GAINESVILLE, Fla. -- Florida has three more underclassmen headed to the NFL and one junior sticking around another season.
Guard Mike Pouncey, however, plans to return for his senior year. His decision should give the Gators four returning starters along the offensive line.
"Mike has a great future ahead of him," offensive line coach Steve Addazio said in a statement. "I believe he will be the top returning offensive lineman in America. Coming back just gives him another opportunity to grow as a player and as a leader and will help him increase his positional versatility. Without question, Mike's future is very bright."
Dunlap, Wright and Maurkice Pouncey are hoping for the same things -- at the next level.
Dunlap, a 6-foot-6, 290-pound junior from North Charleston, S.C., led the Gators with nine sacks in 2009. He is projected as a first-round pick despite his arrest on drunken-driving charges in early December.
"Carlos has all of the physical tools to be successful at the next level," Florida coach Urban Meyer said. "I believe if he continues to grow and mature he will have a very long career in the NFL. He provided matchup problems for opposing teams and was a big part of our success during the last several years. We wish him the best of luck."
Wright, a 6-foot, 205-pound safety, told ESPN.com's Joe Schad, "I looked at the pros and cons and prayed with my family about it. I will be a leader. I will lead by example for whatever team drafts me."
Wright told Schad that Coach Meyer's pending leave of absence did not play a role in the decision.
"You don't want to die over football," Wright said. "He needs to take care of his health and his family. But it really didn't play any role in my decision."
Wright was tied for second on the team with three interceptions and had 32 total tackles.
Maurkice Pouncey, a 6-foot-5, 318-pound junior from Lakeland, Fla., was awarded the Rimington Trophy as the nation's top center in 2009. He is projected to be a second-round pick.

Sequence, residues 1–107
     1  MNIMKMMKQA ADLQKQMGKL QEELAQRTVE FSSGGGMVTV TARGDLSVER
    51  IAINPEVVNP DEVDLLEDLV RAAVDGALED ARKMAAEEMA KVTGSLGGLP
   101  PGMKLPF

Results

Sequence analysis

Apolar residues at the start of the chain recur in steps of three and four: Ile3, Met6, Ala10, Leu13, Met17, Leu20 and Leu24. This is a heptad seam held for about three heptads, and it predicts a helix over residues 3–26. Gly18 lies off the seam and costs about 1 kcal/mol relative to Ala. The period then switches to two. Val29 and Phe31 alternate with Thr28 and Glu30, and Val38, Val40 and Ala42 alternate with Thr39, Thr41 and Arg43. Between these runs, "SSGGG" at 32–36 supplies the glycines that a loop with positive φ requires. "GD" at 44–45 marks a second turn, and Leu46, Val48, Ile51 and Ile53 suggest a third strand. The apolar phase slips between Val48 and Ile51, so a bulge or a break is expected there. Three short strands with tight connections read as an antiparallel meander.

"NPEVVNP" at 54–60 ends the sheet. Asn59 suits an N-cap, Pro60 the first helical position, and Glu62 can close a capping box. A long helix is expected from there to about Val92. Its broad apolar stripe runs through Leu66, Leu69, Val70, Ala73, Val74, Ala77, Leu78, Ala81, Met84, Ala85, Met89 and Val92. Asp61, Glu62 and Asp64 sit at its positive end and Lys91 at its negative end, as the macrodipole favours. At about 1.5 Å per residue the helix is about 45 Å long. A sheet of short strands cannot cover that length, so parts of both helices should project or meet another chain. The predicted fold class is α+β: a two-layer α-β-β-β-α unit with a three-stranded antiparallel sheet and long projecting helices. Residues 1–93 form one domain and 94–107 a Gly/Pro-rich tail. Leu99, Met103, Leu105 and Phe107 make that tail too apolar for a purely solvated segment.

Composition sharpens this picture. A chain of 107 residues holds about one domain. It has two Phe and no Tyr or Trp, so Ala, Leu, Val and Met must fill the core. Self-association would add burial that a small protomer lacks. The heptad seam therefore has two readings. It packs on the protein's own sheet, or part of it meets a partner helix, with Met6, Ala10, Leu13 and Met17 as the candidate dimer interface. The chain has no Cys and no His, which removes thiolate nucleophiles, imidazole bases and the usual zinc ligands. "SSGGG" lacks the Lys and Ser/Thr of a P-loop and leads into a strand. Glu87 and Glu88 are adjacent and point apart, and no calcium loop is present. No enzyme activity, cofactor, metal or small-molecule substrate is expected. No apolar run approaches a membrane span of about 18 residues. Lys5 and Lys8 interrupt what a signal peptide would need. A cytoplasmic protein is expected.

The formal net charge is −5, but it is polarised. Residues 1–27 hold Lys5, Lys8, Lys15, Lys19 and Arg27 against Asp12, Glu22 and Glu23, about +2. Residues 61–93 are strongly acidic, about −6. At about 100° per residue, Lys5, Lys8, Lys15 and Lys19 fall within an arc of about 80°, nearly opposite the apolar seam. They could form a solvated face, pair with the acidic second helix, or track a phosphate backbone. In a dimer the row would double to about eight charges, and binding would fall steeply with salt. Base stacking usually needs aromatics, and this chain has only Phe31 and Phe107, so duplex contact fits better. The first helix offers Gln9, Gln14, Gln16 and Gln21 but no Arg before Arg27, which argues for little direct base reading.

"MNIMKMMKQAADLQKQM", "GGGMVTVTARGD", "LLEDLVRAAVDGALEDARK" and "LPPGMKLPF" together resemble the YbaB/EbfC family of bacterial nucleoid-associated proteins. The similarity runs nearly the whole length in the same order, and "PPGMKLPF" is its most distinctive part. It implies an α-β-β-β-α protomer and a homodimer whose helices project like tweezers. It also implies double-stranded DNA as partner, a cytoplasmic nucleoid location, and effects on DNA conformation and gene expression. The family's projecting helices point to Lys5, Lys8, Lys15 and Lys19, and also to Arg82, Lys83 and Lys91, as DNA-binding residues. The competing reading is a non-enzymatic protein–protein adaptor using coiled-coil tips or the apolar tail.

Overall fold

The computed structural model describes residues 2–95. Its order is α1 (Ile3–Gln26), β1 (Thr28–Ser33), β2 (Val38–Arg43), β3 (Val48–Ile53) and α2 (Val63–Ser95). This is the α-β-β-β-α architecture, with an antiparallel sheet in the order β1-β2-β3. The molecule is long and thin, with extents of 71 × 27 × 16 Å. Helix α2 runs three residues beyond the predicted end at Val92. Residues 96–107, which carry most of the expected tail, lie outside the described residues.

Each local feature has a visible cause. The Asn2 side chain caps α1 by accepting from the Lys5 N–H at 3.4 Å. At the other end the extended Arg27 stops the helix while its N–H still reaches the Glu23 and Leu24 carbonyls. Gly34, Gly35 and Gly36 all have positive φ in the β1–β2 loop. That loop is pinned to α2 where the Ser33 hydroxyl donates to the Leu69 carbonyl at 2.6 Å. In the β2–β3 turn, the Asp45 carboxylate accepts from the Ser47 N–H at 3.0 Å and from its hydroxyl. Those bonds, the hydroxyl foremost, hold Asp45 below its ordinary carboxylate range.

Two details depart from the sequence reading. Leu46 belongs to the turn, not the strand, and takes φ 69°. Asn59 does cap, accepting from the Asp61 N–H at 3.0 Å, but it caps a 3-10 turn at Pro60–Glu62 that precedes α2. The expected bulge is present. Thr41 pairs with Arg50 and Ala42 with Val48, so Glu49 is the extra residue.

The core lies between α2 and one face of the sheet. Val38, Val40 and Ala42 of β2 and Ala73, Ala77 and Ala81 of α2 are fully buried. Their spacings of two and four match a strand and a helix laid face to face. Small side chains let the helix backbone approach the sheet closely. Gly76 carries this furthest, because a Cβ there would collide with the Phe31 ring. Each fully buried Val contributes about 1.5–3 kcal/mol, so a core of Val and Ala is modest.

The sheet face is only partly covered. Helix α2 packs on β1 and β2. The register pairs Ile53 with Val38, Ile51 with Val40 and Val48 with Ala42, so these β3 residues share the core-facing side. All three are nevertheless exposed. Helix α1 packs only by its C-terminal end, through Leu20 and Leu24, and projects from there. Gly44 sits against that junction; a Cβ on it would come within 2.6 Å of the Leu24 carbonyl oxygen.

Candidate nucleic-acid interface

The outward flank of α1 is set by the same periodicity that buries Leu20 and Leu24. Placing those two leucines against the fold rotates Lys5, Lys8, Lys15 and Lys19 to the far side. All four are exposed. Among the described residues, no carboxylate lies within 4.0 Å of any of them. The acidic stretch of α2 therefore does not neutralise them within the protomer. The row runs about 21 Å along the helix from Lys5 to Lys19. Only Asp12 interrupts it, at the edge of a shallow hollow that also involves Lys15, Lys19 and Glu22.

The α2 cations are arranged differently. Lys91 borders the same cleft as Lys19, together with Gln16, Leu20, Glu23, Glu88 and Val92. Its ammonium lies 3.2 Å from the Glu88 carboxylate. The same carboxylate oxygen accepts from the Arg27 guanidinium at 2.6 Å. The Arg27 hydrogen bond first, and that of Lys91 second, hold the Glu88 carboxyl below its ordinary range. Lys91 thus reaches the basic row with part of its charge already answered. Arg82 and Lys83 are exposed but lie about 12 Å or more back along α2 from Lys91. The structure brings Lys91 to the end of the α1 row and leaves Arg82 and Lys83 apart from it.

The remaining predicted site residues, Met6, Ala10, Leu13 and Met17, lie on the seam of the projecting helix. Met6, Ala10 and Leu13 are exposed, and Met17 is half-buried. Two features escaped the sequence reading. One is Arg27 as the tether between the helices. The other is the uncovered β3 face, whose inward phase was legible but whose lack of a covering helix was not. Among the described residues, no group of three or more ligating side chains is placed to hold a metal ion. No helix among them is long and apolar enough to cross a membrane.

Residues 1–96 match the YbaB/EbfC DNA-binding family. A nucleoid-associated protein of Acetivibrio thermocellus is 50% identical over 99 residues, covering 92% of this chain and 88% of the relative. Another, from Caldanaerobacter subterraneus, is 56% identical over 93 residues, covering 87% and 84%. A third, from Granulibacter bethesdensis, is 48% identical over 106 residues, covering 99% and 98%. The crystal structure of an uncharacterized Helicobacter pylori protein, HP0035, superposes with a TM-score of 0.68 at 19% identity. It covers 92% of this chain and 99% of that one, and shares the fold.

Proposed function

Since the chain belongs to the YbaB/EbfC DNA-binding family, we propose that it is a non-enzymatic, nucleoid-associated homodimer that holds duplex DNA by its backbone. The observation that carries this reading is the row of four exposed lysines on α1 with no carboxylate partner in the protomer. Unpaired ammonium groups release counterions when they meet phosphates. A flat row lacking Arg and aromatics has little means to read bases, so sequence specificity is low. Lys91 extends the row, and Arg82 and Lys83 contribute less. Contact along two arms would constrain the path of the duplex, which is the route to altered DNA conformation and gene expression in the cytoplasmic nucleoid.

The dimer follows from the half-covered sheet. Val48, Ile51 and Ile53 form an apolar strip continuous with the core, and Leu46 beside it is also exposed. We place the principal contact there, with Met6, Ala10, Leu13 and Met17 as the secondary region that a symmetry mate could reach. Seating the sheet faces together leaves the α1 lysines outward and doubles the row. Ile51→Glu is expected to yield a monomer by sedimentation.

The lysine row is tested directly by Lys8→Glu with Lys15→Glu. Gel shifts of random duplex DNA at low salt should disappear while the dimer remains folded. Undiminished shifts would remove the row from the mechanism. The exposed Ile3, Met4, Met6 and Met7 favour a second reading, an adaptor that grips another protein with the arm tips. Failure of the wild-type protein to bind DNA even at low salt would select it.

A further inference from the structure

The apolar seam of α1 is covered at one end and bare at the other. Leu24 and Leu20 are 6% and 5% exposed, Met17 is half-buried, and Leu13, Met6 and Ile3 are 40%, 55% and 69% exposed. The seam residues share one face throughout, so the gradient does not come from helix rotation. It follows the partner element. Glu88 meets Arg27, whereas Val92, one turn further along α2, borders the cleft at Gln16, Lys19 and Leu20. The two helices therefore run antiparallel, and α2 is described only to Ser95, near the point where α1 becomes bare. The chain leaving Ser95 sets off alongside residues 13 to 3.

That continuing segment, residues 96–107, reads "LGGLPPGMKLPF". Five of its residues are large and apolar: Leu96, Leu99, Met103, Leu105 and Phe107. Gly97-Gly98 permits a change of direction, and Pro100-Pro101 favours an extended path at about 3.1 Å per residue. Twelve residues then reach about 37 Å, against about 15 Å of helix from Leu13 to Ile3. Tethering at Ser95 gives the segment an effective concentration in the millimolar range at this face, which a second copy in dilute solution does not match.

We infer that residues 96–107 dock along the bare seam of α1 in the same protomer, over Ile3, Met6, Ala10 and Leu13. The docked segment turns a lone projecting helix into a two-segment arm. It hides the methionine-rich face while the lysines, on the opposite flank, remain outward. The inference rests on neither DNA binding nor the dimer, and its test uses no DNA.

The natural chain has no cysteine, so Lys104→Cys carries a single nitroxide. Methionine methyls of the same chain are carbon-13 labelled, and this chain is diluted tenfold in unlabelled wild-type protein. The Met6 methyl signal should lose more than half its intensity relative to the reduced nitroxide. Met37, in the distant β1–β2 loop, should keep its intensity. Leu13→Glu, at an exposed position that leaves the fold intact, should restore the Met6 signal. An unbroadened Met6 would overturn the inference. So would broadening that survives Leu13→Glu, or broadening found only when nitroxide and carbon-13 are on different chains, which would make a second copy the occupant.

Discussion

"Maurkice has all the tools to succeed in the NFL," Addazio said. "There is no doubt in my mind that he will be a great player at the next level. I wish him nothing but the best because has been like a son to me."
The Gators could lose one more junior to the NFL. Safety Ahmad Black is still weighing his options.
Dunlap's decision looked like a no-brainer -- until his Dec. 1 arrest. He was considered one of the nation's top pass-rushers and possibly a top-10 pick. But his draft stock dropped slightly after police found him passed out behind the wheel at an intersection days before the Southeastern Conference championship game.
Dunlap was suspended indefinitely following his arrest. He was reinstated three weeks later and finished with two sacks in a 51-24 victory over Cincinnati in the Sugar Bowl.
"It's only a mistake if you don't learn from it," Dunlap said Monday at a news conference in the mayor's office of North Charleston City Hall. "What's happened has happened. It's 2010 now and I'm ready to move on and better myself from day to day."
Surrounded by his family and his pastor, Dunlap said the departure of defensive coordinator Charlie Strong had nothing to do with his decision. He also said he hopes to be so impressive during workouts over the next few months that scouts, coaches and general managers move him to the top of their draft boards.
"If God's willing, I hope to go No. 1," Dunlap said. "I don't want to hold no limits to where I can go. I've gotta prove it and I've got to work and I've got to train. But of course, want to start at 1."
The defensive MVP of the national championship game in 2009, Dunlap finished his college career with 19.5 sacks. He is tied for 10th on the school's all-time list.
If given a choice, Dunlap said he would love to play for the Carolina Panthers.
"I was born and raised in Carolina so Carolina, of course, has to be my favorite team," he said. "I wouldn't mind going to the Carolina Panthers. Julius Peppers is a great defensive end and I wouldn't mind trying to follow in his footsteps."
Information from ESPN.com's Joe Schad and The Associated Press was used in this report.